Spain is interested in Donald Trump. Understandably. I ignored many European squabbles while hailing F cars on the other side of the planet, but paid attention when Britain voted itself out of the European Union. Iberian psychology may be similar. Spaniards have their own canoes to row, little time to fret about Citizens United, Merrick Garland, other Uncle Sam concerns.
Trump is special, different, unusual. I have fielded many questions. Some have expressed fear.
What follows is one lifelong American’s perspective on the Trump campaign. If I translate my trenchant prose into español, I’ll have a link for inquisitive Madrileños.
I am inexpert, write with no special authority. I am a Yankee with opinions. That’s all.
First, please remember that Americans live in relative isolation. Huge oceans separate the U.S. of the “New World” from Europe and Asia. Only 30% of Americans have passports. Americans popularized their own sports: baseball, rather than cricket, and American football.
Isolation may encourage a distorted world view. I grew up believing that Americans speak English without an accent, and that the U.S. deserved most of the credit for the Allies’ victory in Europe.
Intentionally or not, major news outlets may more easily deceive untraveled Americans than multilingual European urbanites. I remember the rage and shock expressed during the 1979 Iran hostage taking, but think few of my countrymen knew that the CIA had directed the overthrow of Iran’s democratically elected leader decades earlier.
CHASING THE WORLD WAR II HIGH
A former drug addict once told me wistfully that he squandered twenty years chasing the remembered pleasure of a first high. I believe that the U.S. has spent seventy years chasing its own mythologized memory of its role in the great “good” World War II. Individual American soldiers suffered as horribly in this war as soldiers elsewhere, but the mainland emerged with few scratches. It could bathe in deserved glory afterward: the nation with the white hat, the trans-continental Dudley Do Right.
I believe that this self-image encouraged the U.S. to take a belligerent, un-introspective lead in the “war” against Communism, and to gradually squander good will in Korea, Vietnam, Iraq, and in CIA excesses throughout the Third World. The U.S. also ignored President Eisenhower’s warnings about a military-industrial complex, and funded a huge “defense” budget that remained behemothic after the Cold War, and devours over fifty percent of federal discretionary spending today. A force that consumes so large a share of a nation’s wealth may seek endless enemies (to borrow Jonathan Kwitny‘s phrase) to justify its existence.
America’s tragic, disastrous forays into Vietnam and Iraq encouraged corrosive distrust and cynicism. Correctly or incorrectly, millions in my country believe that U.S. elites conspired to murder President Kennedy, sponsored drug dealing in American ghettoes to fund the Contras; covered up the TWA Flight 800 disaster, and orchestrated the 9-11 attacks. In 1958, nearly three-quarters of Americans said they could trust their government. Today only one in five do.
I believe that the Iraq war was especially disillusioning for Americans on the political right. Their own Republican president had called the country to war against an enemy with “weapons of mass destruction.” No stockpiles of WMDs were ever found. The war had been pointless, a fraud, fought on false premises. The mind could hardly grasp the scope and scale of the Iraq FUBAR: the shameful, obscene, criminal loss of life; the squandering of funds so colossal that even a professional CPA may struggle to hold them in perspective; the lasting, looming consequences of fueling the rise of ISIS.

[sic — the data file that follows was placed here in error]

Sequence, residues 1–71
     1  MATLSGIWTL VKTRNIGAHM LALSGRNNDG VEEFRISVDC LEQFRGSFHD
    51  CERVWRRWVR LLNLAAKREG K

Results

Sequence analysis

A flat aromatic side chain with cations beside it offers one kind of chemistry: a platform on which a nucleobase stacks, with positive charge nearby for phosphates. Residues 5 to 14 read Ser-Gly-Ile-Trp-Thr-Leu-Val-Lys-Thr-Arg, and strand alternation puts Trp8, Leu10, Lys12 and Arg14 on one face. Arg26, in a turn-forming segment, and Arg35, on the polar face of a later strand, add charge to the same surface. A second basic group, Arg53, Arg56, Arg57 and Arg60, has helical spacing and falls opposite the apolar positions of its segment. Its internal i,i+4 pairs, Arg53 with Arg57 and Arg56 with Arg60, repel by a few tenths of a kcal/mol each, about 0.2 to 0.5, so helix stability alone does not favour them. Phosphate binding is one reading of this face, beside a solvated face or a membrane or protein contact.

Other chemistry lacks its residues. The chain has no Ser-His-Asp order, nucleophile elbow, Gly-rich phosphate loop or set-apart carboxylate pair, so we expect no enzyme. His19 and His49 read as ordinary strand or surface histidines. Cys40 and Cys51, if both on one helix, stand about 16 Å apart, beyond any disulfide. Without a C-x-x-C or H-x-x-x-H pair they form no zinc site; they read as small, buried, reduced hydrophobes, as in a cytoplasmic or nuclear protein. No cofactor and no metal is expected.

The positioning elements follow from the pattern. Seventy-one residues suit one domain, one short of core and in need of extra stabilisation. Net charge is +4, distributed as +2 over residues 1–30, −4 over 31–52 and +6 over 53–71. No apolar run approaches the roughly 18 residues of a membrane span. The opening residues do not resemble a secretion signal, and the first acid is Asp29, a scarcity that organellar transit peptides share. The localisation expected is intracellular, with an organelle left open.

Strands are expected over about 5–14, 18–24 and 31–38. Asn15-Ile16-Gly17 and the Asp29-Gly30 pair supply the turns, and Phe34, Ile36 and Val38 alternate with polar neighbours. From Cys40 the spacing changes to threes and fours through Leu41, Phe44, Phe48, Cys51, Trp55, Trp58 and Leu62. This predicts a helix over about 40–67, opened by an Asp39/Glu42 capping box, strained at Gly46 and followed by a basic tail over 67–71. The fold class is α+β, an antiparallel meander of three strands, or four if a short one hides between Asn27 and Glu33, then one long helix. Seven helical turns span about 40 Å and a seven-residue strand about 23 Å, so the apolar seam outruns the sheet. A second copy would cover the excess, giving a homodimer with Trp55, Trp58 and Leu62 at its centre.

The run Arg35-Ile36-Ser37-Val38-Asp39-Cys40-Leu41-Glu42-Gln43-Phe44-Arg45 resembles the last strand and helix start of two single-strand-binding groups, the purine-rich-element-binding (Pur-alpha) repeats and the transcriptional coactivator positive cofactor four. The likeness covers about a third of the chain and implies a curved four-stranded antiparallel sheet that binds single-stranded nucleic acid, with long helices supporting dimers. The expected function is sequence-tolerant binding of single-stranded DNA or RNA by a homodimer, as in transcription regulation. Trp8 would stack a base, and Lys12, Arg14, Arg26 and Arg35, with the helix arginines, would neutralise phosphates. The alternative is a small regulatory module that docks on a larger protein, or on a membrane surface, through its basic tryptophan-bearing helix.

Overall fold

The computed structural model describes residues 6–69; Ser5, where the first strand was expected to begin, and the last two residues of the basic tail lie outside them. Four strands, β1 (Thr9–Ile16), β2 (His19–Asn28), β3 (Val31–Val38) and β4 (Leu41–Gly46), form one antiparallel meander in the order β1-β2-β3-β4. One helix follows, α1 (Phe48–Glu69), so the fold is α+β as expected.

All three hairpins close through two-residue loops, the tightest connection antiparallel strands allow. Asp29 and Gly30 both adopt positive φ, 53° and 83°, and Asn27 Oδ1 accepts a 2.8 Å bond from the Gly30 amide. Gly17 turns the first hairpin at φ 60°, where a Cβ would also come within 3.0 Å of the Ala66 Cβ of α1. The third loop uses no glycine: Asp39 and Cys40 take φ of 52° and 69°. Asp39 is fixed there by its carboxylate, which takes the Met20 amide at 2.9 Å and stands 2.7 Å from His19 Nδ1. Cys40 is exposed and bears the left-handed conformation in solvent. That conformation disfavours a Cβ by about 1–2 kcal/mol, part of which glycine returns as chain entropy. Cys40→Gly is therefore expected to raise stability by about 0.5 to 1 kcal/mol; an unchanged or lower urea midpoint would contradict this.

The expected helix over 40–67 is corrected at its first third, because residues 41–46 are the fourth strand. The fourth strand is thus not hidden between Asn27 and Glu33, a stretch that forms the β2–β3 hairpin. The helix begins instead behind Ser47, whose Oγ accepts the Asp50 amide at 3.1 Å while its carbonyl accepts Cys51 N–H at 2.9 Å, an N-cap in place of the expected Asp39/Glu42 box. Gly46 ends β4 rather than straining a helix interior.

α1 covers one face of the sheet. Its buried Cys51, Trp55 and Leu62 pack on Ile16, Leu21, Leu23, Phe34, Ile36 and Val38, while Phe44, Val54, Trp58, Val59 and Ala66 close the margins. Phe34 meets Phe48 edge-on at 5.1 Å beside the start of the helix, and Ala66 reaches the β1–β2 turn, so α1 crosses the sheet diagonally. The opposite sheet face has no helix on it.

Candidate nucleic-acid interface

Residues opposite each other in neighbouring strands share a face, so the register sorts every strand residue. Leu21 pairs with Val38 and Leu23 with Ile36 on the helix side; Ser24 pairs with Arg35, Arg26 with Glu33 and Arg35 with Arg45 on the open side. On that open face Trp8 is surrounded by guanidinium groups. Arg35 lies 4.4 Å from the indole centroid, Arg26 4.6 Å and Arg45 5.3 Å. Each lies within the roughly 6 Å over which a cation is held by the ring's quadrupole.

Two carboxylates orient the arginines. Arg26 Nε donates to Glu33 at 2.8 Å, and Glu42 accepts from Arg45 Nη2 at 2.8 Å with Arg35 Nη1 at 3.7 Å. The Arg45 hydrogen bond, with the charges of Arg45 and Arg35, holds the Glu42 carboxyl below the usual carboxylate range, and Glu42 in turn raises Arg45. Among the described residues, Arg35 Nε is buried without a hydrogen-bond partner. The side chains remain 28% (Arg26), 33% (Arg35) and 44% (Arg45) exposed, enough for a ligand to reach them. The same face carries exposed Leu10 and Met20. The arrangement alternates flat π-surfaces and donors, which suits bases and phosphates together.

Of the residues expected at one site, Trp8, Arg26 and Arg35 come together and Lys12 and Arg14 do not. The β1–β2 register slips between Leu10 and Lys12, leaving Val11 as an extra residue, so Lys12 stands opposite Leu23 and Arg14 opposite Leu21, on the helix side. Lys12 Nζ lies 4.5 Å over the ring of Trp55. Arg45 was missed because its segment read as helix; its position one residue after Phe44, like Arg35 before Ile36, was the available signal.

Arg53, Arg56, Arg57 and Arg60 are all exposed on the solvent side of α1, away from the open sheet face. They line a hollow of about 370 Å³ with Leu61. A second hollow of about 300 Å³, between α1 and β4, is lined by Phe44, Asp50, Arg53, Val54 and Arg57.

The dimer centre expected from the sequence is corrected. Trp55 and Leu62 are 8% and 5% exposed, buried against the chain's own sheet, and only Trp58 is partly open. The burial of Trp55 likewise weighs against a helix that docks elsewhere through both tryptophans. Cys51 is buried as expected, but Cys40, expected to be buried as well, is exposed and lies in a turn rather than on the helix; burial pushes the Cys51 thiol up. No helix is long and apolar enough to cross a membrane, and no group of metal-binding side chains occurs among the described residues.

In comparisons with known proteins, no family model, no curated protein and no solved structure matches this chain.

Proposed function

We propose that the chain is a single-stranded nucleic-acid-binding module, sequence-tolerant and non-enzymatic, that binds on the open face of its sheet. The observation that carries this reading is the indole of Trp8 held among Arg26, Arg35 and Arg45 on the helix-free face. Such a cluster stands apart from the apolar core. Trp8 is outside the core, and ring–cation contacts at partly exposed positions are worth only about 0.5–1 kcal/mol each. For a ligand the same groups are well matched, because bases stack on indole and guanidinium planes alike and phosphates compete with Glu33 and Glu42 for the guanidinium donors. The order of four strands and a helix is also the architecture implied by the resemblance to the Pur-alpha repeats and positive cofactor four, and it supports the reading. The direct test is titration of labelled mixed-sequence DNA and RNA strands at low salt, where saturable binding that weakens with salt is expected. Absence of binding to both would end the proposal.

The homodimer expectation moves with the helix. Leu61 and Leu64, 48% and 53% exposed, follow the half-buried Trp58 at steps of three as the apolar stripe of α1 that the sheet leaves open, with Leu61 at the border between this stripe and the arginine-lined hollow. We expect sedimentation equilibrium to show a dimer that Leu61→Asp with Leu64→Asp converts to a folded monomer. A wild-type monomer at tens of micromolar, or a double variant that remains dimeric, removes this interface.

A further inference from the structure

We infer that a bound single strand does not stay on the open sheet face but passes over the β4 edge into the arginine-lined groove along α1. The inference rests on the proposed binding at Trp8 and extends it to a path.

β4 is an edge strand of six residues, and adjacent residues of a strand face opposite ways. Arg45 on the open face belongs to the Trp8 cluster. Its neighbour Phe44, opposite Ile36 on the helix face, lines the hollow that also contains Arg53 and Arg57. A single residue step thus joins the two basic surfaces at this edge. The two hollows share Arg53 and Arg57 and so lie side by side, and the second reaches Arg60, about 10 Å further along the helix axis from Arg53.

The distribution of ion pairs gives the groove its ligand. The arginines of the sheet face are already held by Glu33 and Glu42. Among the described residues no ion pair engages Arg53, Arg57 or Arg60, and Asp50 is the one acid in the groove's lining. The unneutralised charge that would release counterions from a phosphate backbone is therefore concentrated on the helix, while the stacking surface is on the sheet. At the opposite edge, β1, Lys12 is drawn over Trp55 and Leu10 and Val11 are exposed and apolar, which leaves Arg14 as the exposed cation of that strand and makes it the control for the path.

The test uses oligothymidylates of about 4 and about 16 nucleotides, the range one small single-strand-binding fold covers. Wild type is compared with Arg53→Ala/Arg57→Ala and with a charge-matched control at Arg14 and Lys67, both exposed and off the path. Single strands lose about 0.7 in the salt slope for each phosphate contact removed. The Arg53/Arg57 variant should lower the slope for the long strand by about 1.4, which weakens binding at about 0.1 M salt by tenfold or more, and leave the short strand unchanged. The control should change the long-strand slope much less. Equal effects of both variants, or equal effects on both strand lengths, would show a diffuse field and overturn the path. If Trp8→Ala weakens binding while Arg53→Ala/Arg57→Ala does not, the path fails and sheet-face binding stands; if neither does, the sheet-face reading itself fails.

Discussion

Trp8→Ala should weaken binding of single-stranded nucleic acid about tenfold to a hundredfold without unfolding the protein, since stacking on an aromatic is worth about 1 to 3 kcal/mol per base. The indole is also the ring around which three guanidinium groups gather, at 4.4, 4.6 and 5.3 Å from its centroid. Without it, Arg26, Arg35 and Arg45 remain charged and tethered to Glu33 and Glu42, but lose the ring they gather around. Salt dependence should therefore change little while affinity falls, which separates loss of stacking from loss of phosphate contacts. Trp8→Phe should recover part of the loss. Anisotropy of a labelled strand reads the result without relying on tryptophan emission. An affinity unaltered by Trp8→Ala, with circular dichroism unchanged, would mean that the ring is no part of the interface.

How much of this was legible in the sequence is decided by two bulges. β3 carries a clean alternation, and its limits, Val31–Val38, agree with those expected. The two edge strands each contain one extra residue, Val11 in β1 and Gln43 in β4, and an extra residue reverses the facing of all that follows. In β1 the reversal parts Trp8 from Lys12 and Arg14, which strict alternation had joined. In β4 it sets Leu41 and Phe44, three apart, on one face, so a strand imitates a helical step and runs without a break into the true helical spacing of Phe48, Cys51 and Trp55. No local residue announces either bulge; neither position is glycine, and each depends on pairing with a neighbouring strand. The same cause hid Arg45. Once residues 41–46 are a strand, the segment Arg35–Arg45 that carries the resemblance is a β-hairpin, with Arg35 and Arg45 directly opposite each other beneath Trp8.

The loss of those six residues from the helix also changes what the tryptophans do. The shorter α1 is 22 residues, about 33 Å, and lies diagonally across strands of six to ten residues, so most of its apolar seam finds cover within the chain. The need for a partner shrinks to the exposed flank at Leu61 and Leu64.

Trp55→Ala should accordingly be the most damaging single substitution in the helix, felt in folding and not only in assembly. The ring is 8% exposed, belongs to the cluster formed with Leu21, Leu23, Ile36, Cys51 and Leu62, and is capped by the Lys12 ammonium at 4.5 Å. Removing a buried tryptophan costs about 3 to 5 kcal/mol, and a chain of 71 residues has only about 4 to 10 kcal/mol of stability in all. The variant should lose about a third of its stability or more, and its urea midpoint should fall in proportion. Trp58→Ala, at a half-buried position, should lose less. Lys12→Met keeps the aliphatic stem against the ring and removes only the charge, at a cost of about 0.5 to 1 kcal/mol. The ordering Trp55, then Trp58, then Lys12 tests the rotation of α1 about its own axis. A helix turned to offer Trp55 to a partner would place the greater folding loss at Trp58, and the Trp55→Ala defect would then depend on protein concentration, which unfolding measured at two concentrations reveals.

Republicans reel. They don’t like Hillary Clinton. They aren’t Democrats. They may stand fast by Republican verities: that self-reliance and personal responsibility count, that a free enterprise meritocracy helped make some American companies great, that the hard-working, vice-shunning individual can build a career, create employment, realize the American dream. They may defiantly stand by their churches, too, in a lawless public arena that serves up pornography to ten year olds, that encourages the press to publicize any depravity — serial assassins, cop killers — for page views and web traffic.
But their own Republican establishment had cheerled the Iraq war.
Who could they vote for?
Enter Donald Trump, successful businessman, perhaps originally a mere protest candidate. Trump holds establishment Republicans to account for the Iraq fiasco, toes no predictable party line, appears to speak his mind on terrorism, immigration, other issues. The mainstream press obviously despises him, but angry voters may regard media opprobrium as a point in Trump’s favor. Did the press ever admit its role as an Iraq War propagandist? Has the press offered a complete picture of the U.S.’ role in the Middle East? Can any candidate so despised by the media be all bad?
I have registered at FVAP, intend to cast a resigned expat vote for Hillary Clinton. I think she’ll probably win, but also presume that terrorist attacks and riots can plump Trump poll counts, and know that he could gain traction in the debates. I regularly check poll standings, suggest that interested Spaniards can, too.
A Hillary-led America may only postpone crisis. I have never disliked her, but acknowledge that other Americans do. Sidelined Republicans can blame the worldly misfortunes of the next four years on the already unpopular woman entering the Oval Office. A dangerously angry, disgusted America is likely to become more so.